Here’s something I’ve been working on a bit today–it is not finished! This piece involves a play of warm and cool colors and will include a number of textures as well; I have some modeling paste on this so far and a bit of collage using some papers I painted last year. There are other elements planned for it, but it’s also one of those things where I’m letting it take me where it wants to go. It might look rather different the next time I post about it…
This piece is on canvas, 10″ x 20″ x 1″.
Sometimes Day 2 of a challenge, especially a personal challenge, is a triumph just to get to. I know you understand. Well, here’s today’s experiment, whose only requirement was to incorporate a monoprinting/paint lifting technique. The secondary intention was to continue with the theme of playing “active” and “passive” against each other.
I laid down a base color and added some monoprinting on top of that, and then I worked mainly with palette knife and waxy pastel crayons, going back in with a bit more monoprinting and some stamping.
I can tell that my inner self can have a hard time with calming energetic areas, like the wide passage at the bottom of this piece. I felt that it should run darker than the top half, but did I let it stay too active? I might decide to go back into this and change it. Or I might just move on to the next experiment and then compare them.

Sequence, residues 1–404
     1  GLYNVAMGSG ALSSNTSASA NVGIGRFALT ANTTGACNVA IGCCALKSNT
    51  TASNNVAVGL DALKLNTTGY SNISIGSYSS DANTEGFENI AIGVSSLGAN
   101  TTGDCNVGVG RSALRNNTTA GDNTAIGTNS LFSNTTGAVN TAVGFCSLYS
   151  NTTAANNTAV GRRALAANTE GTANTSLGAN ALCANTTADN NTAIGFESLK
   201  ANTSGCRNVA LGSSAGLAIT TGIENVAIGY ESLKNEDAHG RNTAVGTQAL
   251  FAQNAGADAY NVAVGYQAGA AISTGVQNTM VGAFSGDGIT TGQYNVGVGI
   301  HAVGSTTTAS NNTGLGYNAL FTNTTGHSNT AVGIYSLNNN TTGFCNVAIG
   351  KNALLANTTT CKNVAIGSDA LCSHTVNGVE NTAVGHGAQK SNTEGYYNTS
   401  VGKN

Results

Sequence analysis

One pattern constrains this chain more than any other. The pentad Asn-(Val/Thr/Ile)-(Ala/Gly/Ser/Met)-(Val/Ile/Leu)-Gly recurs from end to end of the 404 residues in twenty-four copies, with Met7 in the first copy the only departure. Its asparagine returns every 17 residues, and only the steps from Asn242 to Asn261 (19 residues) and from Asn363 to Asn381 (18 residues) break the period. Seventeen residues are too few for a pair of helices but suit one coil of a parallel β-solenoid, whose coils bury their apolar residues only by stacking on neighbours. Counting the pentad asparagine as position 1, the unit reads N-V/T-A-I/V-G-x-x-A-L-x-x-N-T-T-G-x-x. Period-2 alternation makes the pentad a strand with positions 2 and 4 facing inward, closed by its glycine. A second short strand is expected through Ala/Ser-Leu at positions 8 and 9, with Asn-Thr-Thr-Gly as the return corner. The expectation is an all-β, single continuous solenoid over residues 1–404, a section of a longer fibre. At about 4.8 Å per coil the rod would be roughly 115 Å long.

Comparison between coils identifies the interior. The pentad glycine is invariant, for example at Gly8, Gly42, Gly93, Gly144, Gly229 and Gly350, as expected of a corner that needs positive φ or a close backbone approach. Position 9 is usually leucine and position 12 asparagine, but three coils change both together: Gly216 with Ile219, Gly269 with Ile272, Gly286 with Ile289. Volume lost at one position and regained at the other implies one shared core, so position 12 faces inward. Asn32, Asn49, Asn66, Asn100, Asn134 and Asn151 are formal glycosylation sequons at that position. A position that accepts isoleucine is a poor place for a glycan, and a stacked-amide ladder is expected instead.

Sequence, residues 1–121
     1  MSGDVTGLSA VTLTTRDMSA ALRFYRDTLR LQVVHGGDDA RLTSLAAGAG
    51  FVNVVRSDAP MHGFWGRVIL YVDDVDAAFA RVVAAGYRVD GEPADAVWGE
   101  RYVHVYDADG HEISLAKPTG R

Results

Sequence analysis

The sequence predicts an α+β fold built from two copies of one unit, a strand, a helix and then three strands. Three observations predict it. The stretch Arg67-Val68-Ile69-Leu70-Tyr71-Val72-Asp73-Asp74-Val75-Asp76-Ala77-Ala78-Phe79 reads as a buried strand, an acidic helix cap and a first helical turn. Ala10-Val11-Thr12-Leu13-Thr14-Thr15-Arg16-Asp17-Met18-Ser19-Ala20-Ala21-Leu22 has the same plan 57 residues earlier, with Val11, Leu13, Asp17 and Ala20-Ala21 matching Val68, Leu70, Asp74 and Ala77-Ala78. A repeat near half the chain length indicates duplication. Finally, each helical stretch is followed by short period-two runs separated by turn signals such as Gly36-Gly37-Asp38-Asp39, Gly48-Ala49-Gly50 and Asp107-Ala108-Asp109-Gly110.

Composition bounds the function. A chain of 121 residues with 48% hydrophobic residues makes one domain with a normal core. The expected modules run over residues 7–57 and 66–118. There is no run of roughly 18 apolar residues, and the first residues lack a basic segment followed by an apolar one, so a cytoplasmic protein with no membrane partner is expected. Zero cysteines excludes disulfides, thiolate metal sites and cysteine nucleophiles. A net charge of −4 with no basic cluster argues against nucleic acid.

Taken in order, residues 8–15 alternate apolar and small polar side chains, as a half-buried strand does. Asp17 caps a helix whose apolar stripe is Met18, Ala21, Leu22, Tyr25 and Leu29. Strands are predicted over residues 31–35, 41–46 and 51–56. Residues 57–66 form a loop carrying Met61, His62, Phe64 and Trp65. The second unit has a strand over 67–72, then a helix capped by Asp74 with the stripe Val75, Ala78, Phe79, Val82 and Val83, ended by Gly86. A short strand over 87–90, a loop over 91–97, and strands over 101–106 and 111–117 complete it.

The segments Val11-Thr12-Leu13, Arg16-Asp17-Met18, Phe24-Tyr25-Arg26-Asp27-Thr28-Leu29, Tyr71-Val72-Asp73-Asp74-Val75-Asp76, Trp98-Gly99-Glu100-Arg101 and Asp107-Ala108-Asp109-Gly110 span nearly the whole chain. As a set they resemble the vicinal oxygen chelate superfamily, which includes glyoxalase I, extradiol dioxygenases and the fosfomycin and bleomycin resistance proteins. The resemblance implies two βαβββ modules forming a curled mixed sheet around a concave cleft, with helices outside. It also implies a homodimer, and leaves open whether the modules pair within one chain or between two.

I’m feeling inspired as a new year approaches, bringing that clean-slate feeling and fresh motivation to get into the studio and be immersed in the work of a steady art practice–working as close to daily as possible and just allowing outcomes to emerge, whatever they are.
I want to keep things simple, staying with themes or concepts longer and mining each one more deeply rather than allow myself to get distracted by too many shiny, new potential directions. It’s so easy to feel guilty about being frequently distracted by new techniques that look fun or supplies that can add visual interest unavailable to your current toolbox, but I now believe that this is actually a natural and inevitable earlier stage in an artist’s development. Even if you feel flighty and unsettled, you really just have to follow the wonders of the new. The ability to focus arrives later.
Some of the things you’ve tried turn out to suit your aesthetic and way of working. Most others you take notes on and file away mentally in case they’re useful at another time. At this point, you can work more intensively with whichever materials, techniques, palette, way of working, style, and so on that you’ve winnowed out. I feel right about this stage of things…it’s a point at which you get less of that FOMO–“fear of missing out”–that can drive you during time(s) of Trying All the Things (it could be that these seeking and mining stages alternate, that we move back and forth between them).
So, art practice: I set up an art journal earlier in the year as a place to experiment, make notes, and do exercises. I intend to work in it several times per week in the new year. Again, the outcome will be whatever it is. Here’s a spread I worked on the other day, experimenting with a narrow, mainly primary-oriented palette and a contrast of “active” and “passive” areas that maintain some kind of connection to each other.